Thank you for visiting this space. I write with an update as we kick off a new academic year at the Peabody Institute of the Johns Hopkins University.
2016-17 is on track for a strong outcome in Conservatory admissions. There were 1,526 auditionees, up 2% from last year and the highest number in five years. We expect to have an average of around 560 full-time students matriculated over the course of the year. Overall balance across the areas of discipline was on track. Thanks to the admissions team as well as our dedicated faculty that worked diligently to recruit a great class.
We’re excited to build on the success of last year’s Dean’s Symposiums with a new series recently announced here: Peabody Dean’s Symposium Series Welcomes Music Industry Thought Leaders. In this second year we welcome Aaron Dworkin, founder of The Sphinx Organization and Dean of the University of Michigan School of Music, Theater and Dance; Blair Tindall, author of Mozart in the Jungle: Sex, Drugs and Classical Music, the book which formed the basis for Amazon Studio’s show now in its third season; Alex Ross, award-winning writer and chief music critic for The New Yorker; and Peter Sellars, renowned opera and theater director known for his innovative productions, as featured speakers in the 2016-17 Dean’s Symposium Series. The Dean’s Symposium Series provides a platform to discuss the future of music and the issues facing professional musicians today. These four guests are among the most innovative, forward-thinking artists and leaders out there. As practitioners and writers, to a person they are clear-eyed and insightful about the challenges facing our industry and bold in their work to advance music. I look forward to engaging our community in these important conversations.
As Peabody gears up to celebrate the 150th Anniversary this October of Friedberg Hall, Baltimore’s first concert hall, we look forward to a new and improved acoustic with the completion of a first phase of renovation undertaken this past summer. The expansion of the stage as recommended by world-renowned acoustician Larry Kirkegaard of Kirkegaard Associates, will improve onstage hearing for our students especially in large ensembles, as well as heighten the listening experience in the hall. Made possible by a generous gift of $500,000 from the France Merrick Foundation, this represents the first of two phases needed to complete the acoustical and mechanical improvements.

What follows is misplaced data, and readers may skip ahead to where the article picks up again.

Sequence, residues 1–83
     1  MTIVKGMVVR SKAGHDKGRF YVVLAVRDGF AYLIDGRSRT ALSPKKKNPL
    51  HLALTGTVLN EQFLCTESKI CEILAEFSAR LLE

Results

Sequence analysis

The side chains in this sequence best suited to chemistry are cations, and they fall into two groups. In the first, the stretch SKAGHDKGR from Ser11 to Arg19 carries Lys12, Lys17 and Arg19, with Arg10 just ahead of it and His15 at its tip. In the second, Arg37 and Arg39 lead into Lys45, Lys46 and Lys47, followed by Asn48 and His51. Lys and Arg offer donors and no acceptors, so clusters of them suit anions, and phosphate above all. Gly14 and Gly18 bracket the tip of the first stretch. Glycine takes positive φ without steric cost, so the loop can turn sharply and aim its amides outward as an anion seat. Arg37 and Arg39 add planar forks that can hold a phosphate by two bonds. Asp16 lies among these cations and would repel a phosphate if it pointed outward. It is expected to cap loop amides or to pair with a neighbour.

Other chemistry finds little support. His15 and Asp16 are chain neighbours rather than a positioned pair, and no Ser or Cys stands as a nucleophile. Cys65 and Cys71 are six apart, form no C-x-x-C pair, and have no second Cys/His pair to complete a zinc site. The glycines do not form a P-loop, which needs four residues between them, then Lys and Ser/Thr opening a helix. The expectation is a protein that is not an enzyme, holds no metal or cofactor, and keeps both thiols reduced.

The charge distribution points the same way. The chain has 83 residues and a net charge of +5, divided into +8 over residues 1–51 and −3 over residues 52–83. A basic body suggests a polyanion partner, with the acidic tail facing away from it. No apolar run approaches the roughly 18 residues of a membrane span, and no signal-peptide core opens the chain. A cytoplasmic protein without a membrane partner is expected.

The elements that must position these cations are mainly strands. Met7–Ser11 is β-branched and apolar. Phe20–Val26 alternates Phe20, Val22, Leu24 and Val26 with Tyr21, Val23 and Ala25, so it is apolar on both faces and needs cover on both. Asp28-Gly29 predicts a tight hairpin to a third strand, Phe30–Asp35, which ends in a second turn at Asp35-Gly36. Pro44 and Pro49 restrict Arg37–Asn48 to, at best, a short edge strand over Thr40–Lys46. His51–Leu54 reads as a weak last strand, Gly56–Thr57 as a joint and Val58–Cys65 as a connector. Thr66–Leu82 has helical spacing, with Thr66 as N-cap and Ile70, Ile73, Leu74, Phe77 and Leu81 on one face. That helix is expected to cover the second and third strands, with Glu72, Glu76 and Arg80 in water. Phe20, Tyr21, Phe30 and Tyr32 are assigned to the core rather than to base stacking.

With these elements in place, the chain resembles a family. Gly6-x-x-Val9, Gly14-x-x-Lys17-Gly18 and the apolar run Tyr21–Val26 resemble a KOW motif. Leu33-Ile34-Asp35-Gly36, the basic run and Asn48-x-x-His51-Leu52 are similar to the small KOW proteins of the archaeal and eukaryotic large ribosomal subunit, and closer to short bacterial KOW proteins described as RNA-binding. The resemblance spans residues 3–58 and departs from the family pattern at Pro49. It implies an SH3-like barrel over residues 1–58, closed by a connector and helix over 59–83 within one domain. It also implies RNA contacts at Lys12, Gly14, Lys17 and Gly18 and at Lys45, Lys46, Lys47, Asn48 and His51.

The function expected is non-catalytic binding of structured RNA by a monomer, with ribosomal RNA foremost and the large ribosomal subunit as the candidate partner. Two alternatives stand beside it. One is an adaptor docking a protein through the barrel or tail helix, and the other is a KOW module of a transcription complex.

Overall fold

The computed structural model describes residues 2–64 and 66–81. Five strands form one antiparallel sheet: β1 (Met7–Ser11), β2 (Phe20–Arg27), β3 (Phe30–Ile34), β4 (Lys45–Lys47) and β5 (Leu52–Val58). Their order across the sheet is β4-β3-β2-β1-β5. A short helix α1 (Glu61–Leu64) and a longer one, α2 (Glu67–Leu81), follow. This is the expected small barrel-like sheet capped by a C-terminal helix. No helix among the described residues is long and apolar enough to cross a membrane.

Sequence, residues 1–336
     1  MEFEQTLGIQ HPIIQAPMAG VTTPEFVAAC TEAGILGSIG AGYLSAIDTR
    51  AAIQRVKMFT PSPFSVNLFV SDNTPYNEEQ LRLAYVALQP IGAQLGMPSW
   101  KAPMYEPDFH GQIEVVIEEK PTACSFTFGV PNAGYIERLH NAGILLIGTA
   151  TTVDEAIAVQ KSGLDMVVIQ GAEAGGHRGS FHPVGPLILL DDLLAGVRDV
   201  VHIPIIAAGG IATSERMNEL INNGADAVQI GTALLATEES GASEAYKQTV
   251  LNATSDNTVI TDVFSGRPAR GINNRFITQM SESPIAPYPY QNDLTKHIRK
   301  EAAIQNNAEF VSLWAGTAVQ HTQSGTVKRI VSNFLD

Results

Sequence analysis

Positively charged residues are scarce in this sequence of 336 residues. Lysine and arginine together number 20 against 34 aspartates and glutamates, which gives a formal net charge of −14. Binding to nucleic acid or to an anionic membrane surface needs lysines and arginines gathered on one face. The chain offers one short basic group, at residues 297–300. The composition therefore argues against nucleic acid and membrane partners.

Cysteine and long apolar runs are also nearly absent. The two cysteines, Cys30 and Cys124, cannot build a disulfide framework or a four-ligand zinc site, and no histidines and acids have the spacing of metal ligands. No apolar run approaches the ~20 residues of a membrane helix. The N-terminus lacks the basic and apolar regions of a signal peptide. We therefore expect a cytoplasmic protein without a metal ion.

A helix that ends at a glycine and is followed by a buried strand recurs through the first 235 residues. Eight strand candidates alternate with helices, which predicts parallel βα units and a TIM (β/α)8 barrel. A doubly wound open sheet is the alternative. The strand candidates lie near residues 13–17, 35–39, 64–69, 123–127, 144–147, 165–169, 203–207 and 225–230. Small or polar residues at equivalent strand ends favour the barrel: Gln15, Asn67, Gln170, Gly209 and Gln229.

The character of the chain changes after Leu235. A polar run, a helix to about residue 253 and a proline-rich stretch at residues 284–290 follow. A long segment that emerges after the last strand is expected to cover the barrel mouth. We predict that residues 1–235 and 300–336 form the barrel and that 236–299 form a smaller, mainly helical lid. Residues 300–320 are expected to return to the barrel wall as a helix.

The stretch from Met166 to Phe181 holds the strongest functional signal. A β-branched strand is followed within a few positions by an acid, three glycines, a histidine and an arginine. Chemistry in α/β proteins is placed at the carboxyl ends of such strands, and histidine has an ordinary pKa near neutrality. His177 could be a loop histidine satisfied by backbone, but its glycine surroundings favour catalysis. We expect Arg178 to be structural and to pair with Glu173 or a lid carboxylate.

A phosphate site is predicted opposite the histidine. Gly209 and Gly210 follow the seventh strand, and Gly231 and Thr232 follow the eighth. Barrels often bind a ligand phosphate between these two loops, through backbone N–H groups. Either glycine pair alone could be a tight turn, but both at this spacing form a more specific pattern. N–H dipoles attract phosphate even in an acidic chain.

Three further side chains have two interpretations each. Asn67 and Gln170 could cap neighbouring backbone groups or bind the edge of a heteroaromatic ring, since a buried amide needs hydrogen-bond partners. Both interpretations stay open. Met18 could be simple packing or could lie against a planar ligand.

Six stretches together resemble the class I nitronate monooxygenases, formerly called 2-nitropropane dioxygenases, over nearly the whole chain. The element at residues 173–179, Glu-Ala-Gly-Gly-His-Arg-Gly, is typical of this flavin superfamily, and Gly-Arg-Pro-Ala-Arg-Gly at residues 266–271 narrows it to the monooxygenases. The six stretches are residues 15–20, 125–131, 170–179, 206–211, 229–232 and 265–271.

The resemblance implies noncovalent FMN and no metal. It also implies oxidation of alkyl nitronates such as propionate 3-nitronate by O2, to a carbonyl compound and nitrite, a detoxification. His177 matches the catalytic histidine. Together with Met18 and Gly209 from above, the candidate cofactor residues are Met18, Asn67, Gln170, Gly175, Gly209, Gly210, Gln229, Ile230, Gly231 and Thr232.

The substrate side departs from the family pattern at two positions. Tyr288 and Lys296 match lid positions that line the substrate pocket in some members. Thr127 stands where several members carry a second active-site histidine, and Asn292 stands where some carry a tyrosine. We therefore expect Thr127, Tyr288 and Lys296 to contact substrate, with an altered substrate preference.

And while we’re on the subject of the hall, we’re delighted to take the step of making all concerts at Peabody free beginning this year. As Peabody seeks to engage our students and faculty more deeply in our community, we look forward to welcoming more of the community to campus as our guests.
We have the privilege of welcoming two Distinguished Visiting Artist faculty to the Institute this year. World renowned violinist, Midori, who will be on campus four times throughout the year for a series of master classes and interdisciplinary presentations, and internationally renowned opera star Eric Owens will spend 10 days on campus throughout the year presenting classes and coaching singers. We’re thrilled to have them both in our midst this year.
The task forces working on incorporating 21st century skills directly into our curriculum as well as reimagining the ensembles experience here at Peabody continued their work in earnest this summer. The plan now is to gather further input from constituencies across the Institute this fall with a goal to finalize all details by December. This will allow for the remainder of the year to plan implementation of the new curriculum and initiatives for September 2017. Another key element for the future entails identifying and pursuing new areas of study in the conservatory. The work of these task forces, (as well as the governance and diversity task forces begun last year) and the expansion of existing or development of new areas of study is part of the Breakthrough Plan.
We are delighted also to be the beneficiaries of wonderful gift from Rheda Becker and Bob Meyerhoff for $500,000 to fund the first Peabody Institute Diversity Fund. The Fund will help support initiatives that build diversity in the Institute’s student body, faculty and staff. As part of this gift, Peabody has pledged to raise $500,000 to match Rheda and Bob’s generous commitment, thereby allowing us to double the impact of the work to which we have committed ourselves in this important area.
Finally, as we celebrate the recent release of the Peabody Symphony Orchestra’s first CD on Naxos under the baton of Marin Alsop and featuring the music of Pulitzer-Prize winner and faculty member Kevin Puts, we have already made plans for our second recording on Naxos featuring the music of Aaron Jay Kernis, including his Concerto for Flute co-commissioned by a consortium that includes Peabody, the Detroit Symphony, and others for flute faculty member and renowned soloist, Marina Piccinini. The disc will be conducted by Marin Alsop and visiting conductor Leonard Slatkin, music director of the Detroit Symphony, and is made possible thanks to the generosity of two wonderful friends of Peabody, Allan and Claire Jensen.
As you can see, there is much going on. We expect a very busy year as we move forward on a whole series of new initiatives, all geared towards providing current and future students with the highest level and most forward-looking experience as we prepare them for successful lives in music.
More to come soon.
Fred Bronstein, Dean